Debbie Kujava got up one morning last week at her home in Badger, Minn., looked at her lottery ticket and saw that a number matched.
"Oh, good," she thought. "At least I won a buck."
Turns out she won a lot more than that. As she checked her ticket against the winning numbers, they kept coming up a match.
"I was looking at my phone — back and forth, back and forth," she said. "I was turning it on and off." Gradually, it dawned on her: She had won $2 million.
She raced the half-mile to her brother Dennis' house and burst through the door. Hands shaking, they checked the ticket again. That's when Dennis' daughter, Denise, corrected their math.
The winning ticket was actually worth $22.8 million.
At that point, Debbie Kujava said, "I had to go and have a smoke."
The Kujava family was introduced Monday as the winners of the Lotto America jackpot. They are the first-ever winners of the multistate game, which was introduced in November. Their odds of winning: about one in 26 million.
The family is taking the winnings as a $13.5 million lump sum worth, after taxes, about $9.4 million.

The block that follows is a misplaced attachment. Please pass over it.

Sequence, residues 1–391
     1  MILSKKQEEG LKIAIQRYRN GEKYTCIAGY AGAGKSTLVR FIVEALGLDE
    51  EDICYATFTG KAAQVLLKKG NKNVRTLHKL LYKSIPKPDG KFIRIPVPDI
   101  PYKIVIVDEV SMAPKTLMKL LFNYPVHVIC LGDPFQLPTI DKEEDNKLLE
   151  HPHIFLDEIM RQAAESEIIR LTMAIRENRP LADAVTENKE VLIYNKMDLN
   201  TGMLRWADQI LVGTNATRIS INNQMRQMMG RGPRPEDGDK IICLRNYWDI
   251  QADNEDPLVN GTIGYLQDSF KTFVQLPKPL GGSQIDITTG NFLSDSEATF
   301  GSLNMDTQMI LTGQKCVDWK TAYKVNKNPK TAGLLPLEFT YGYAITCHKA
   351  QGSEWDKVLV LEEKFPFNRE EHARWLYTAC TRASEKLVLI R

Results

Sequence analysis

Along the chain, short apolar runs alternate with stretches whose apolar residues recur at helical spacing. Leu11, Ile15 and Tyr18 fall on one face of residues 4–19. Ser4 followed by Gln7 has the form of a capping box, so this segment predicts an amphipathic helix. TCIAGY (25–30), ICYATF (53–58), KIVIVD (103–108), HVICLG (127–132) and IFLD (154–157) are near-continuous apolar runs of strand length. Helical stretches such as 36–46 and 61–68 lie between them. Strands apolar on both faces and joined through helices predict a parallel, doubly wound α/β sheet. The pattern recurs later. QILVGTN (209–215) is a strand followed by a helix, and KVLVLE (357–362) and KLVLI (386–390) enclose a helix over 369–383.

Debbie and Dennis Kujava, who have been buying lottery tickets as a team since the Minnesota Lottery was established in 1998, will split the winnings 50-50. And Dennis is splitting his half with his two daughters: Denise, who lives with him, and Deanna, who lives in New Jersey.
"Most people wish on that for a whole lifetime," said Dennis Kujava, a retired welder who worked for 20 years at Polaris Industries in Roseau.
Debbie Kujava, a licensed practical nurse for Roseau Lifecare Medical Center, worked 12-hour shifts over the weekend and then quit her job.
"I talked to my administrator at length and I started crying," she said. But she knows what she'll do with her share of the money.
"Pay some bills!" she said with a laugh, adding that she also plans to make a donation to the Trails for Treatment Cancer Benefit Ride.
Dennis Kujava said he'll make a donation to his church, but hasn't thought much beyond that. No 'round-the-world cruises or fancy mansions for him.
"I got a big enough house already," he said.
Denise Kujava isn't sure yet whether she'll quit her $18-an-hour job putting decals on Polaris snowmobiles.
"It's just a shock," she said. The family had to keep quiet about their win until it was officially announced. Word spread quickly, and as soon as the news conference ended, Denise Kujava's phone was pinging with texts from friends and family members in Roseau.
Debbie Kujava paid $7 for the bundle of tickets she bought at a Holiday gas station. It turned out to be the best investment she's ever made, but she's not done yet.
"I already bought a Lucky for Life ticket tonight," she said.